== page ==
With school enrollment underway and the likelihood of the COVID-19 vaccine being approved for annual use, we encourage families to review student privacy protections to prevent your student’s information from being shared without consent.
The Family Educational Rights and Privacy Act (FERPA) is a federal law designed to protect student information from being shared by schools without the consent of parents, guardians, and adult students.1
Privacy Rights Notification Required Annually
Schools, colleges, and universities subject to FERPA must provide parents, guardians, and adult students with a notification about FERPA rights annually.2 This notification is usually part of a student’s enrollment package.
Notably, schools can share student directory information with third parties without consent. Directory information typically includes the student’s name, address, telephone listing, and date of birth and is designated by the student’s school.3 The annual FERPA notice issued by your school will describe the steps to prohibit the school from sharing directory information and the associated deadlines.
Below are additional protections offered by FERPA.
- May protect against the sharing of vaccination status and personally identifiable information with your state’s vaccine registry and health department;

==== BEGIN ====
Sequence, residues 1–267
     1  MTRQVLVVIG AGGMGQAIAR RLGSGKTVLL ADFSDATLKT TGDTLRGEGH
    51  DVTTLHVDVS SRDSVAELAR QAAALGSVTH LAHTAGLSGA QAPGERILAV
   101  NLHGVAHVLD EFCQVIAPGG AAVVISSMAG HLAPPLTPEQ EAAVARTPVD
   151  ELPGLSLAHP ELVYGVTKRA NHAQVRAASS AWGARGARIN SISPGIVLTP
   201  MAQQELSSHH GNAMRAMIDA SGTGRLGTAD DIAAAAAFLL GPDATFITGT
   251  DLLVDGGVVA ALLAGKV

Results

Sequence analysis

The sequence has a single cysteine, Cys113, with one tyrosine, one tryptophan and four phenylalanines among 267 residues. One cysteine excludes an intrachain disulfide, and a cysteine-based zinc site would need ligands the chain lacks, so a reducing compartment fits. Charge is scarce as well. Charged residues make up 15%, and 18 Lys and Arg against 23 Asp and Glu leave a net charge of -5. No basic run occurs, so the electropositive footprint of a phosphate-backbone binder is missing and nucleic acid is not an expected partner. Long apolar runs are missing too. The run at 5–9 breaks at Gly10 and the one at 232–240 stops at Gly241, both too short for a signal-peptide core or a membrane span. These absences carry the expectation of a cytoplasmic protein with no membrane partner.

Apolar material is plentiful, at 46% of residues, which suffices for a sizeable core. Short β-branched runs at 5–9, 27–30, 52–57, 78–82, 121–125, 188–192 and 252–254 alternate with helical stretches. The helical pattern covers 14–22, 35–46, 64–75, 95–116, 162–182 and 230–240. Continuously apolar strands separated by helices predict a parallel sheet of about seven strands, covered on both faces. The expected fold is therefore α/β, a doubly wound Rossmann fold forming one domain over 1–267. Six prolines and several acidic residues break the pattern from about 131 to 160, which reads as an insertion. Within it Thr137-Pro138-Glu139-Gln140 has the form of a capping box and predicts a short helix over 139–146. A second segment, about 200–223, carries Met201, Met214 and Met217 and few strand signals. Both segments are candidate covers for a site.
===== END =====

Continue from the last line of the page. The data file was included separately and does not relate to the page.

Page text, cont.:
- Protects records gathered by schools and prohibits sharing those records without specific written consent from parents, guardians, or the adult student.
- FERPA is separate from the Health Insurance Portability and Accountability Act of 1996 (HIPAA)4 in the educational environment. In most situations, FERPA prevails over HIPAA in the academic setting and protects health information;5
Filing a Privacy Violation Report
Under FERPA, violations must be reported within 180 days of the violation. The complaint is filed with the form provided to parents and guardians on the U.S. Department of Education’s website.6
FERPA Privacy Exceptions
There are exceptions to privacy protections under FERPA. Some of these exceptions include health and safety issues, and these disclosures must be recorded in the student’s educational record and provided to parents and guardians upon request.7
If your school doesn’t receive federal funding, it is not subject to FERPA. In that case, inform yourself and obtain a copy of the school’s privacy policies to understand what information can and cannot be shared without consent.
You can learn more about FERPA, disclosure of student information, and the exceptions to privacy by visiting NVIC’s FERPA & Student Privacy FAQ.
1 U.S. Department of Education. Family Educational Rights and Privacy Act of 1974 (FERPA). Mar. 1, 2018.
2 U.S. Department of Education. Family Educational Rights and Privacy Act of 1974 (FERPA). Mar. 1, 2018.
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